Yasmine Hamady: I ran into my ex. But I don’t, but then you would make sure to say and this is something I really value in my friendships, is that I don’t want to hear about it that night, I want to like the I want to have the community together tomorrow morning and let’s do the debrief like it is literally a ritual– 


Jon Favreau: Yeah. 


Yasmine Hamady: –Of sorts of like having that moment. And it’s like my friends in college and I were talking about it because I was in Santa Barbara this weekend with them for a birthday and we like had a little bit of fun. And the next morning we’re like, let’s talk about it. [laughter] And we were together too. We weren’t on social media, we weren’t talking about it, but it’s like being together on a couch talking. 


Jon Favreau: It’s great. 


Yasmine Hamady: Talking tea like that is I don’t know it’s rare.


Jon Favreau: Well part of it is like all my friends, none of us, there’s one friend that we have who’s still single. And so like now all of it, we’re like, tell us your story. Like, did you go on a date? Tell us about the date.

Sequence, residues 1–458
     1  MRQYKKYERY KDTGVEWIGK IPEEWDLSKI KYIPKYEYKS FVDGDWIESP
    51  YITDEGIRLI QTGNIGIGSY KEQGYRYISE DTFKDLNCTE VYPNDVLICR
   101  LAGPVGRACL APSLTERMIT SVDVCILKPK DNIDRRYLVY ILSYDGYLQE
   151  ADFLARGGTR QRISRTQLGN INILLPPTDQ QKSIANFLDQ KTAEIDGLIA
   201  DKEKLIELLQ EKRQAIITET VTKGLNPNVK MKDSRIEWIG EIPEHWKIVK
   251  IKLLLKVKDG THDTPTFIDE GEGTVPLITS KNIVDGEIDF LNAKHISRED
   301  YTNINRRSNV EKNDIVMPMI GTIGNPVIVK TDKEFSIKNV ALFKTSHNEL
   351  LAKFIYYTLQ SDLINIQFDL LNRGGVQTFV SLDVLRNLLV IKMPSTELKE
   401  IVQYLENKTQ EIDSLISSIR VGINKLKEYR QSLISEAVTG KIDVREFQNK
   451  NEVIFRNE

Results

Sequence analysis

Yasmine Hamady: Yeah, yeah, yeah, yeah, yeah.


Jon Favreau: Because none of us have any– 


Josie Totah: Right. 


Jon Favreau: –none of us have any other news. We’re like, yeah, we, you know, we’re married. We, we did what married people do. [laughing]


Yasmine Hamady: And what is that? Married with children? 


Jon Favreau: Uh married with children. We uh watch TV till 8:30 or 9:00 and then go to bed. [laughing]


Yasmine Hamady: Sure. 


Jon Favreau: Or or if there’s like a big night out, we get a babysitter, then, you know, we go out till– 


Yasmine Hamady: And then the debrief. 


Jon Favreau: –11 or 11:30. [laughing] 


Yasmine Hamady: The debrief in the morning– 


Jon Favreau: I think there’s somewhat of a– 


Yasmine Hamady: –on FaceTime with a baby?


Jon Favreau: Yeah there’s somewhat of a– 


Yasmine Hamady: I can imagine Emily–